Only months before, on the beaches of Santa Barbara, California, an oil spill from a Unocal Oil Company offshore rig in January 1969, had soiled some 30 miles of California coastline, killing sea birds and other wildlife. Oil industry pollution and oily wastes were part of the Cuyahoga River concoction as well, described by Time magazine as being “chocolate-brown, oily, [and] bubbling with subsurface gases.”In fact, it was the Time magazine story that helped bring national attention to the Cuyahoga River and nearby Lake Erie into which it flowed, both of which became poster images for the severe water pollution of those times. U.S. Senator Gaylord Nelson (D-WI), a promoter of the first Earth Day in 1970, would later invoke the Cuyahoga-in-flames as an example of the nation’s most severe environmental disasters. Carol Browner, head of the U.S. Environmental Protection Agency in the 1990s, would later recall in speeches the impression that images of the burning Cuyahoga had on her. But the Cuyahoga River fire of June 1969 wasn’t the worst the river had experienced. A 1952 fire – shown in the two photos above – was much worse. Time magazine in its August 1969 story, had used one of those photos, incorrectly attributing it as the 1969 fire. Turns out, there is a long history of Cuyahoga River fires – at least a dozen or more dating from the 1860s – several of which resulted in more damage than the 1969 incident. More on those in a moment. Still, when the June 1969 Cuyahoga River fire occurred, many people found it surprising that pollution could be so bad that a river would burn. That wasn’t supposed to happen. “[A] river lighting on fire was almost biblical,” said Sierra Club President Adam Werbach referring to the Cuyahoga fire during a CNN interview some years later. “And it energized American action because people understood that that should not be happening.”
There’s a red moon rising
There’s a red moon rising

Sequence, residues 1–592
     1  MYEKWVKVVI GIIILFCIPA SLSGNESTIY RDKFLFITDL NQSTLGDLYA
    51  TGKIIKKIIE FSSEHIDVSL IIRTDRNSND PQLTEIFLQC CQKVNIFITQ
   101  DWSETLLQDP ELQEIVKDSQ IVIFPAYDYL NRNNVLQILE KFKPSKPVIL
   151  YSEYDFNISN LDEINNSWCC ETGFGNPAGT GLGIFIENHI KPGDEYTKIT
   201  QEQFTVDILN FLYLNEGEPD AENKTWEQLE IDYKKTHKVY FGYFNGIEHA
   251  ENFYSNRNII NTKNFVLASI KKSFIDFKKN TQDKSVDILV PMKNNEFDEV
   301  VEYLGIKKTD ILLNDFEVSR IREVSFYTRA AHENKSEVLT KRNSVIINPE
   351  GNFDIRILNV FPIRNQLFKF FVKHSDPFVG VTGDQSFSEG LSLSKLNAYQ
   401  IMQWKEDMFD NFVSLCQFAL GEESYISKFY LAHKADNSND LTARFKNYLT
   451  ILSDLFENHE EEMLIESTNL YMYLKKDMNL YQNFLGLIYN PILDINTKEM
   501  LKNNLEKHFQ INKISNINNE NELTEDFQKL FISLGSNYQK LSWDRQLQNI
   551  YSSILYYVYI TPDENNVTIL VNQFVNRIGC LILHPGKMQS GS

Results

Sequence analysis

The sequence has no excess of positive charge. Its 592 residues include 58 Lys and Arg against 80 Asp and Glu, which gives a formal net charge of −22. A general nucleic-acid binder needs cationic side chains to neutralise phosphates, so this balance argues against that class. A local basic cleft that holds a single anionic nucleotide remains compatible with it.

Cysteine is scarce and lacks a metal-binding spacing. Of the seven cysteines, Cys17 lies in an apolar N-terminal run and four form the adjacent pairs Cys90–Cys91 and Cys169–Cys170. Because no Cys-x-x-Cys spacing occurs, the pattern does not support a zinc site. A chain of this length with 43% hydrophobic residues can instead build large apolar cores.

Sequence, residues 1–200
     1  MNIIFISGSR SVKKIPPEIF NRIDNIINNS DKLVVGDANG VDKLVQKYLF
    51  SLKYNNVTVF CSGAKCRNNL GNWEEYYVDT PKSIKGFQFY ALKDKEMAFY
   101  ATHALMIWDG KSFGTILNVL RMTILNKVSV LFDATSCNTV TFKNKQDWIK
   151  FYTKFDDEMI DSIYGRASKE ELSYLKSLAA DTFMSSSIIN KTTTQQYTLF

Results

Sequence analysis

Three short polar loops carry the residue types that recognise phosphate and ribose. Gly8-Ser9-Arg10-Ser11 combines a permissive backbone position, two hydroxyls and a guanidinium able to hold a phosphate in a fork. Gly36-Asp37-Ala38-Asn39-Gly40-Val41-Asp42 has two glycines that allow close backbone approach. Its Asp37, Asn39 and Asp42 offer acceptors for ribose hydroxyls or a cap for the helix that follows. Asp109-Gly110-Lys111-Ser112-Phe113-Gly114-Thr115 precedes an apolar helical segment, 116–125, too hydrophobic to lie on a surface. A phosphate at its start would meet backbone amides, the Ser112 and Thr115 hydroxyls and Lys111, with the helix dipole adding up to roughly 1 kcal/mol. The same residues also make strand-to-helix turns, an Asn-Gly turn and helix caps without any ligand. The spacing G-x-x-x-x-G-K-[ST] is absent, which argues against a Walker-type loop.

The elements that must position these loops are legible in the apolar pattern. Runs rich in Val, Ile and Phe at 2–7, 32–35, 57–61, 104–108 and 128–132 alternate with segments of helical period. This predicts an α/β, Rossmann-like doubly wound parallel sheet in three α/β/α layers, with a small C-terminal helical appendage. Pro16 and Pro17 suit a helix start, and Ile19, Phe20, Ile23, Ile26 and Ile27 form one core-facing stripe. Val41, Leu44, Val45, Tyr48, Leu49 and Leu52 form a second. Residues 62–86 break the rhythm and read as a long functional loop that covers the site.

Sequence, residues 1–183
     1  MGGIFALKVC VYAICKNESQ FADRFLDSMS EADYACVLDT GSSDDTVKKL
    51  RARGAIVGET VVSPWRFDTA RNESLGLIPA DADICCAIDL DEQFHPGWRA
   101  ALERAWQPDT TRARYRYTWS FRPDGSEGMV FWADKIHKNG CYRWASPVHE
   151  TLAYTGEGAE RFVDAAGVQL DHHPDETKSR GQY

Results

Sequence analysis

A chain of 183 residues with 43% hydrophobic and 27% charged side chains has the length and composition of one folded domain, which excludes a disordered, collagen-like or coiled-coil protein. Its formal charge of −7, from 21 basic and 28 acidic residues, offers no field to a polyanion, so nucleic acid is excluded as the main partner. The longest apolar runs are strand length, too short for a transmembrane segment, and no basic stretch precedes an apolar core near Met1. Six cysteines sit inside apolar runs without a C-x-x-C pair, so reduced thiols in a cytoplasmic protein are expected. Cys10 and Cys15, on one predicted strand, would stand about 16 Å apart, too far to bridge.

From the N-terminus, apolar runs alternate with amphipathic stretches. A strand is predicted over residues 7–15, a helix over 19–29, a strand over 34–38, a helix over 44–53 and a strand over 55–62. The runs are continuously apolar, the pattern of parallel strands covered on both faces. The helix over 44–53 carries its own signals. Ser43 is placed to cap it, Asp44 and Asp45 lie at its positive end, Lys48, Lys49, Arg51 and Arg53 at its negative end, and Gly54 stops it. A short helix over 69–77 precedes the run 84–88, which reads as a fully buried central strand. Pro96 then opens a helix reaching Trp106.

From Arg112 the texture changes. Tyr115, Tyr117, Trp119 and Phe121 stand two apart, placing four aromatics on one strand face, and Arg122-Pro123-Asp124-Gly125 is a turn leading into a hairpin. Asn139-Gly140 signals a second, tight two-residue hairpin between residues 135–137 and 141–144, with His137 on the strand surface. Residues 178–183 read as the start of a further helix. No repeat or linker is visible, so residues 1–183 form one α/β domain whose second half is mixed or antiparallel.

There’s an oil barge winding
There’s an oil barge winding
Cleveland, city of light, city of magic
Burn on, big river, burn on
Now the Lord can make you tumble
Burn on, big river, burn on
The Cuyahoga’s plight – and particularly its association with oil pollution – caught the attention of singer/ songwriter Randy Newman, who penned a famous song about the river’s tendency to catch fire. “Burn On” was the name of the song, which Newman released with his 1972 hit album, Sail Away, an album brimming full of musical satire. Newman’s river song, however, was quite on the mark, conveying at least some of the history and causes of the Cuyahoga River’s pollution problem.
“Burn On”-Randy Newman
Newman would explain that he was spurred to write the song after seeing news reports about the 1969 fire. To be fair, by the early 1970s, there were no more fires on the Cuyahoga, though it remained severely polluted for at least another decade. The cleanup of the river had begun by the time of Newman’s song – though ever so slowly, and slogged on for many years thereafter. Still, Newman’s song captured the historical demise of the river and one of its primary culprits, oil. His lyrics at the end of the song also captured the “unnatural” act of a river burning:
Now the Lord can make you tumble
Lord can make you turn
The Lord can make you overflow
But the Lord can’t make you burn
In later years, other musicians would also write music referencing the river, including REM’s. “Cuyahoga” of 1986 and Adam Again’s “River on Fire” of 1992. More on these songs a bit later.